Transport Strategy – PAC comment

I spoke on behalf of the Public Accounts Committee on the proposed transport strategy in April 2014. In effect, the point was made that no assurance could be given as to the figures in either the majority or the minority report.


Sir, A key aspect of both reports is to influence behaviour such that the motor vehicle is not the default choice of transportation. They propose various means of doing so, some aspects similar some different to achieve it. However, how can we be sure either strategy represent value for money?

The Committee would consider that, unless there are targets, what each strategy wants to achieve, it is very difficult to do so.

For instance, both aim to increase bus usage and a principle means of doing this is through free bus fares. However, nowhere does either state what would be a minimum target to determine success?

At the core of the minority report is the implementation of paid parking. However, there are no targets in terms of car park occupancy, though 80% is mentioned as an aim with dynamic pricing at some future point.

Nor do either reports cover targets in terms of reduced cars on the road, increased cycling and alternative modes of transport. Although assumptions are made for the purposes of coming up with figures. Eg Main report 15.4 it states that the Department has allowed for a 10% pa swing away from larger more polluting vehicles and has allowed for a 1% pa reduction in fuel use in favour of walking, cycling and bus use. 10% swing to cleaner vehicles and 10% to narrower vehicles. Para 164 of the minority report mentions the need for a worthwhile modal shift, but this is not quantified.

The problem of not having targets is not being able to judge whether money raised is being well spent. If we reduce cars on the road by 1-2% is that enough – would that really make a difference in terms of what the strategies are trying achieve? It won’t make much difference to the current situation so is it worth £1.6-£2m a year?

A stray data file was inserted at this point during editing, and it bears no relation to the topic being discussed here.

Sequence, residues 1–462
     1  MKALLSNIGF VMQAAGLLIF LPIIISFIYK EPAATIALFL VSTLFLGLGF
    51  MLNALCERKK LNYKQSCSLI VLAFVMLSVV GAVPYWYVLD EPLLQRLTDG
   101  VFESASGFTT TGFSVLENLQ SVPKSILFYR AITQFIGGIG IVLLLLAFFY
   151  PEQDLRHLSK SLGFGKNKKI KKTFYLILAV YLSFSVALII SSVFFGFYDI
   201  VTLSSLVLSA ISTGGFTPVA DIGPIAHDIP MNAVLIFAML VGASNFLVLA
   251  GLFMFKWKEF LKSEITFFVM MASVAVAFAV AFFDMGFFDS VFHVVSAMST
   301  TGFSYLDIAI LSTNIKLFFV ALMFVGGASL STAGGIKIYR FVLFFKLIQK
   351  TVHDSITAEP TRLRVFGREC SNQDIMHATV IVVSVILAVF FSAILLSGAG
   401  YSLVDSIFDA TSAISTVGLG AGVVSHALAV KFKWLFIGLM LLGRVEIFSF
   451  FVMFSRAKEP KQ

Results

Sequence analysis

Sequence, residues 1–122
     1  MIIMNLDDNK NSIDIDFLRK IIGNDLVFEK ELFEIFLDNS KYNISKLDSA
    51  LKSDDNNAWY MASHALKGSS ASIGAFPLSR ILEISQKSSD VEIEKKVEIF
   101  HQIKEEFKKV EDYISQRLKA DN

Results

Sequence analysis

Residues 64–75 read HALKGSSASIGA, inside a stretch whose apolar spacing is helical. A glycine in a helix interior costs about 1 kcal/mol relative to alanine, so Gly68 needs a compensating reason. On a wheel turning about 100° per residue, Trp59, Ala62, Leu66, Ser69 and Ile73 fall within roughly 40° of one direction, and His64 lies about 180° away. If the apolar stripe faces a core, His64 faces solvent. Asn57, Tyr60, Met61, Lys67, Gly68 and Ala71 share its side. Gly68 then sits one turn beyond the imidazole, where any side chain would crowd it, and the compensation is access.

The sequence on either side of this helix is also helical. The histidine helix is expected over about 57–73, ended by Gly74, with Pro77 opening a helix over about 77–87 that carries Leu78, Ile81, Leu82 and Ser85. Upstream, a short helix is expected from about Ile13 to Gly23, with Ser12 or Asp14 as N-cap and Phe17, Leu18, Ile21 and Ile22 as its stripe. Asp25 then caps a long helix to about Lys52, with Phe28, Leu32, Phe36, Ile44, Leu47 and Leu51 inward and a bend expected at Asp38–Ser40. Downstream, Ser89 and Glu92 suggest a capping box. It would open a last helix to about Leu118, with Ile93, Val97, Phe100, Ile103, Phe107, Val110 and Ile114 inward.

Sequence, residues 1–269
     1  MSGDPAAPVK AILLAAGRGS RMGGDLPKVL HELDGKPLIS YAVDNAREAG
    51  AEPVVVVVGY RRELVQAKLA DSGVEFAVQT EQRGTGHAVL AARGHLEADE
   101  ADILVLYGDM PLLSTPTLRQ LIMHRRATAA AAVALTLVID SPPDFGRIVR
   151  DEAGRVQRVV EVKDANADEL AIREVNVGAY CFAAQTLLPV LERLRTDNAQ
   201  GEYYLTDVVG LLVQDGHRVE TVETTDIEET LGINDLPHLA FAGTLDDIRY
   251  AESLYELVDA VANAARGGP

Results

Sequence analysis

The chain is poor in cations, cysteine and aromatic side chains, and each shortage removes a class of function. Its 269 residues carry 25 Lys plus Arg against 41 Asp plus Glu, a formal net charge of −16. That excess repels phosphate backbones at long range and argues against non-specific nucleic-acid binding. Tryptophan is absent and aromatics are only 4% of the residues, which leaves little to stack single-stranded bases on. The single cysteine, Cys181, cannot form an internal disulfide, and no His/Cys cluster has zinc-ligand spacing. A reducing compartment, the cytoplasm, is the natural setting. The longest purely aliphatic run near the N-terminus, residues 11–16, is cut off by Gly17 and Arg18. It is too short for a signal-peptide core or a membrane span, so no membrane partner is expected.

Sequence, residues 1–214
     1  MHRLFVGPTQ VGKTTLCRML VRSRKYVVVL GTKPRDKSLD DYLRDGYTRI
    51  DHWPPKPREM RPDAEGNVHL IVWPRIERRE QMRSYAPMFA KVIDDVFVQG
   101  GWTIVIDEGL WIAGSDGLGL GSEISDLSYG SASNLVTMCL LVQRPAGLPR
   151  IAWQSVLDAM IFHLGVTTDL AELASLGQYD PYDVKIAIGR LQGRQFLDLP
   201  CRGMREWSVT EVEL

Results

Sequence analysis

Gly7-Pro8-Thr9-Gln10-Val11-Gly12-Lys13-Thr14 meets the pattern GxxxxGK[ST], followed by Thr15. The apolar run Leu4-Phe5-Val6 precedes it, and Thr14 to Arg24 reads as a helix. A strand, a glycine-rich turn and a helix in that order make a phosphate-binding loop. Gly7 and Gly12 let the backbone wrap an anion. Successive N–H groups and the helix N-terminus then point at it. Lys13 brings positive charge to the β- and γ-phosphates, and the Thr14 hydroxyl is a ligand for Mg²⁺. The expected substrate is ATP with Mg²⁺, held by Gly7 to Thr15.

And this leads to a further concern. There a wide range of assumptions being made, that do not appear to have any justification other than being considered by the authors as ‘reasonable’ in their minds. These include reduction in fuel use, car use and infrastructure improvements.


In terms of fuel duty rises, various academic papers have shown a correlation between increases in fuel prices and car usage, which supports the Policy Research Unit’s report. However, the situation is not so black and white. A study undertaken last year showed that whilst usage went down, car users were not willing to reduce journeys for sending or taking family members and shopping. We would also question the calculations of potential fuel income being based on annual mileage of 10,000 miles and would question how this estimate was arrived at.

[Reduction of Private Vehicle Usage in Response to Fuel Price Rise:  A Comparison between Automobile Drivers and Motorcycle Riders]

In addition, as made clear by Deputy Burford, we would agree that it is not possible to ignore the effect of the 2008 crash on fuel usage. It is also not helpful not having diesel included in the analysis.


Generally we do have concerns regarding the robustness of the figures on page 617 and 620 of the main report covering income and expenditure respectively. In particular, the heavy emphasis on education and communication is not borne out by the costings of £!00k in the first year and £50k thereafter.

We would also question how the 3 additional 2nd hand buses correlate with additional bus routes and frequency of £300k a year. It cost, according to CT Plus’s accounts, £3.6m to run the bus service in the year to 31 March 2013. Much of these will be fixed costs and it is therefore hard to understand that this would result in an extra £300k plus £200-£300 to place it on what is called a firm footing and an extra £200k pa for targeted routes.

Generally, the Minority report is more detailed and it would appear that quite a lot of work has gone into the estimates being made. However, we would question why capital items are mixed together in annual expenditure for instance costs of buses and bus shelters whilst the bus depot has been considered as an amortised expense separately. It would be preferable if these figures could have been analysed separately.


So, in summary, the Public Accounts Committee has concerns about the financial aspects of both strategies in terms of what they are setting out to achieve and the assumptions being made. It is our belief that no assurance can be given as to the robustness of both sets of figures at this stage.

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